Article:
A snow and ice warning is in place for Limerick All HSE Health Services in the Mid West Region will be on standby with other agencies, to monitor the progress of the severe weather forecast for Ireland this week. A status yellow weather advisory is in place in this area and it is expected both ground and air temperatures will be well below normal. Bernard Gloster Chief Officer HSE Mid West Community Healthcare and Chair of the Health Service Mid West Crisis Management Team for Major Emergencies said “The type of weather forecast is always of concern. Motorists, Pedestrians and Cyclists can experience particular additional risks while travelling. We are asking people to be safe. As a particular additional request we are asking people to check on the most vulnerable. The elderly, those living alone, and those compromised by medical or social circumstances can experience severe weather in a much more harmful way than the rest of the community.” Sign up for the weekly Limerick Post newsletter Sign Up For further advice and information please visit www.winterready.ie , listen to media for weather reports and updates and be aware that the adverse conditions are expected into the coming weekend. TAGSbeast from the eastelderlyfreezeHSElimerickmotoristssnowstormvulbnerableweather NewsBreaking newsOn alert for Beast from the EastBy Bernie English – February 27, 2018 3802 Limerick Ladies National Football League opener to be streamed live Email Limerick’s National Camogie League double header to be streamed live WATCH: “Everyone is fighting so hard to get on” – Pat Ryan on competitive camogie squads Limerick Artist ‘Willzee’ releases new Music Video – “A Dream of Peace” Billy Lee names strong Limerick side to take on Wicklow in crucial Division 3 clash Linkedin Previous articleFrom a’capella to world to sacred music, Limerick Choral FestivalNext articleCompetition winner Bernie Englishhttp://www.limerickpost.ieBernie English has been working as a journalist in national and local media for more than thirty years. She worked as a staff journalist with the Irish Press and Evening Press before moving to Clare. She has worked as a freelance for all of the national newspaper titles and a staff journalist in Limerick, helping to launch the Limerick edition of The Evening Echo. Bernie was involved in the launch of The Clare People where she was responsible for business and industry news. RELATED ARTICLESMORE FROM AUTHOR Print Advertisement Facebook Predictions on the future of learning discussed at Limerick Lifelong Learning Festival WhatsApp Twitter
The United States has found three BSE cases, the last one in March 2006. Canada has discovered a total of 12, the last one in late February. The FDA said the rule was first proposed and opened for public comment in October 2005. To give the affected industries time to adapt, the new rule will not take effect until Apr 23, 2009, the FDA said. Jul 13, 2007, CIDRAP News story “Canada widens BSE-related feed ban; US still pondering” The new rule also prohibits cattle carcasses that haven’t been inspected and cleared for human consumption unless the brains and spinal cords have been removed or the cattle are less than 30 months old. Animal health experts have said the risk of BSE in cattle younger than 30 months is exceedingly low. When Canada banned SRM from all animal feeds last year, the restrictions created difficulties for the country’s cattle industry, according to previous reports. The SRM had to be removed with special equipment and disposed of with specialized procedures. The FDA said the new rule could cost the US beef industry $100 million in the first year and about $80 million annually in following years, the Washington Post reported today. To prevent the spread of BSE, the United States and Canada both banned the use of cattle protein in feed for cattle and other ruminant animals in 1997. The new rule builds on the 1997 regulation, the FDA said. Bernadette Dunham, director of the FDA’s Center for Veterinary Medicine, said in the press release that the FDA’s action further protects US cattle from an already low risk of BSE. “The new rule strengthens existing safeguards,” she said. Apr 24, 2008 (CIDRAP News) The US Food and Drug Administration (FDA) yesterday announced a ban on certain cattle materials from all animal feed starting next year, an action designed to protect animals and humans against bovine spongiform encephalopathy (BSE), or mad cow disease. After Canada and the United States each discovered its first BSE case in 2003, both countries banned the use of SRM from cattle older than 30 months in human food. Proposals to ban SRM from all animal feed and pet food grew out of concerns that the BSE agent could spread if feed intended for nonruminant animals, such as pigs, poultry, or pets, cross-contaminated cattle feed during production or transport or was accidentally given to cattle on farms. See also: However, the new restrictions could also benefit the industry. A US official told the Post that South Korea lifted restrictions on US beef last week after receiving assurances that the United States would strengthen its feed rules. Canada has had a similar ban on SRM in all animal feed since July 2007; however, the Canadian rule goes a step further by banning the risky parts from use in fertilizer. Sep 22, 2005, CIDRAP News story “FDA to add new BSE-related feed rules soon” Ron Eustice, executive director of the Minnesota Beef Council, based in Minneapolis, told CIDRAP News he supported the FDA’s stronger feed ban. “We have always had concerns about the remote possibility of cross-species utilization of feedstuffs,” he said. “This step is taken in an abundance of caution to continue our efforts to safeguard America’s beef supply.” Materials barred from animal feed are those most likely to contain the BSE agent, the FDA said in a press release. Known as “specified risk materials,” the tissues include the brains and spinal cords of cattle aged 30 months or older. Apr 23 FDA press release In other developments, the Canadian Food Inspection Agency (CFIA) announced in a press release on Apr 16 that the country’s 11th BSE case, in a 13-year-old beef cow from Alberta, had an atypical strain of BSE that has also been reported in Europe. Officials said the atypical strain is more common in older cattle and has been found in only one other Canadian BSE case.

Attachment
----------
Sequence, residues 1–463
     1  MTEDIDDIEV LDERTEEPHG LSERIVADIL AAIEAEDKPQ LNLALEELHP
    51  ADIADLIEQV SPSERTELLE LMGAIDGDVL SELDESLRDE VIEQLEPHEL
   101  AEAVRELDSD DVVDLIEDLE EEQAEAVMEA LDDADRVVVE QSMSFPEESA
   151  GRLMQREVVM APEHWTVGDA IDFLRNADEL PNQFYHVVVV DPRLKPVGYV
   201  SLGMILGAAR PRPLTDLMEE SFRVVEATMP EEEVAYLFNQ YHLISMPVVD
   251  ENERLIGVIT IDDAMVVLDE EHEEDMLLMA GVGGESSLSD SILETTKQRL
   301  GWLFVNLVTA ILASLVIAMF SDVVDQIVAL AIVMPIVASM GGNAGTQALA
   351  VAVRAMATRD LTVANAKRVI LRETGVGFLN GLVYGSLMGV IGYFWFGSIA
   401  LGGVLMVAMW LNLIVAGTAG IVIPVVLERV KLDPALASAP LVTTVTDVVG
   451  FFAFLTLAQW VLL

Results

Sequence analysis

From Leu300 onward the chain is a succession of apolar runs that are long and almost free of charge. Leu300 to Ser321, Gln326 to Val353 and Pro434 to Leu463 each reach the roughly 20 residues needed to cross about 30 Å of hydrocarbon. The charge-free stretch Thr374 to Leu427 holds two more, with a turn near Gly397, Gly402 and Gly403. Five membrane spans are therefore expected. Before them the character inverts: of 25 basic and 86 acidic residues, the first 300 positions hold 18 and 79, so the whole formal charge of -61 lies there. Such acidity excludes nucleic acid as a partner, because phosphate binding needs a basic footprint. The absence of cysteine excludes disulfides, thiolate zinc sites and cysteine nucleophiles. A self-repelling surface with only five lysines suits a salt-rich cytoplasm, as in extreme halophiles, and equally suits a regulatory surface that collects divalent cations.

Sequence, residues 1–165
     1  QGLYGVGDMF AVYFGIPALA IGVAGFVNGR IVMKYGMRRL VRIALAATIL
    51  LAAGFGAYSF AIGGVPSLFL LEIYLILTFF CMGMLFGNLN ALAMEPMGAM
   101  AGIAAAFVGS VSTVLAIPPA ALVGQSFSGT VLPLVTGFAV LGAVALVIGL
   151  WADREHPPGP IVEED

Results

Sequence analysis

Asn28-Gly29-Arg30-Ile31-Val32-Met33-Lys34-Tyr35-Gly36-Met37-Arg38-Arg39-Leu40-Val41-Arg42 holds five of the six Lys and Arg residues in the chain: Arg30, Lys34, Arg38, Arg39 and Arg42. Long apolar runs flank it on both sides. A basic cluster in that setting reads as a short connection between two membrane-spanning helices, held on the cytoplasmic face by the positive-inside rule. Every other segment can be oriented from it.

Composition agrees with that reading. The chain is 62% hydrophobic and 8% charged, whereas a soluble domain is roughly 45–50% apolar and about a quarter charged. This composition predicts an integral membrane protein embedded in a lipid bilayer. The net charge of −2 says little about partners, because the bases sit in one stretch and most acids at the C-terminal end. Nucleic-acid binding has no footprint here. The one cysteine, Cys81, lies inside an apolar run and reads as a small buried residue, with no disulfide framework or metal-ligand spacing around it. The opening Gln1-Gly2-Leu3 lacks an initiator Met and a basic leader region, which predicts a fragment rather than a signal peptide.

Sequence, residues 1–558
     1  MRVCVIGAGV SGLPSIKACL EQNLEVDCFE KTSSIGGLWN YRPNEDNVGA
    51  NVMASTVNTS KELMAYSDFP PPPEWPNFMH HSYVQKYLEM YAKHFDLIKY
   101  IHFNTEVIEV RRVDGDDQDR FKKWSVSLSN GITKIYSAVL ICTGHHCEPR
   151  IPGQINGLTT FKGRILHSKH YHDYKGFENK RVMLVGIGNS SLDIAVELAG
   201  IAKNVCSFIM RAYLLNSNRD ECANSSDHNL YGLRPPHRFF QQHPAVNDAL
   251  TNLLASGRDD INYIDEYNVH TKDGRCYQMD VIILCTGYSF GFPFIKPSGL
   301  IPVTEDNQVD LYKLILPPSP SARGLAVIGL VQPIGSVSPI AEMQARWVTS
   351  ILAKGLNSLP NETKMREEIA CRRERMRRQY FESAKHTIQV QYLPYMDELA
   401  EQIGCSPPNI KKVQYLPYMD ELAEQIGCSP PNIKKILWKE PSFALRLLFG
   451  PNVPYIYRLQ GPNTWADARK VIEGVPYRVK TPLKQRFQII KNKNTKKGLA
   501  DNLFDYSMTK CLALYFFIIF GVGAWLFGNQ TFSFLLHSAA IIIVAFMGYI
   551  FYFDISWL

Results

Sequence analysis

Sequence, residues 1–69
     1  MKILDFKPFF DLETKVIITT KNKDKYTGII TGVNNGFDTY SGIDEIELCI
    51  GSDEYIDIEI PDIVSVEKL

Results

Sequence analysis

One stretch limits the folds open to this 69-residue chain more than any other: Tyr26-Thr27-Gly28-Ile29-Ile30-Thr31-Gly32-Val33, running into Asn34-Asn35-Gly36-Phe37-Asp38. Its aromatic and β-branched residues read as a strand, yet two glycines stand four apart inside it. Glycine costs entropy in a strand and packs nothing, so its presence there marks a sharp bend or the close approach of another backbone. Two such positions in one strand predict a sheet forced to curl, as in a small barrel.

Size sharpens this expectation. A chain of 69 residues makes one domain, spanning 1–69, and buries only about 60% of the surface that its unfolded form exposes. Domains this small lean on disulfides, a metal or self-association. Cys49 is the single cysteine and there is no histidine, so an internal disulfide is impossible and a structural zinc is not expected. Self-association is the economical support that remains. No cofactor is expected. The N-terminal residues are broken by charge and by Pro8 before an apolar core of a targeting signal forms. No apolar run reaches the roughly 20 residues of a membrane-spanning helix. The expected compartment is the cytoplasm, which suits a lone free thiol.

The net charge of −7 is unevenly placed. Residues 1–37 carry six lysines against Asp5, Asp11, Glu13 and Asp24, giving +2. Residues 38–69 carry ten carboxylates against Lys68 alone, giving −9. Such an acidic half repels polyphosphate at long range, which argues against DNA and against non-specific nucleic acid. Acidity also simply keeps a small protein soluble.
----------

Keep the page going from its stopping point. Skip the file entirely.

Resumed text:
Young B&H tennis players Damir Džumhur and Mirza Bašić qualified in the quarter finals of the ITF tournament in Zagreb. In the second round of the tournament, Damir Džumhur won against Matej Svjetličić from Croatia with the result 4:6, 6:1, 6:1, while Italian tennis player Matteo Trevisan gave up the match against Bašić. In any way Bašić was winning with the result of 6:1, 3:1 until Trevisan gave up the match. For the placement in the semi-finals of the tournament, Džumhur will play against Martin Fischer from Austria, while Bašić will play against Mihail Konecnym from the Czech Republic.The third B&H representative on this tournament, Aldin Šetkić has finished his competition in the second round. Šetkić was defeated by Marco Cecchinato with the result of 6:1, 6:3.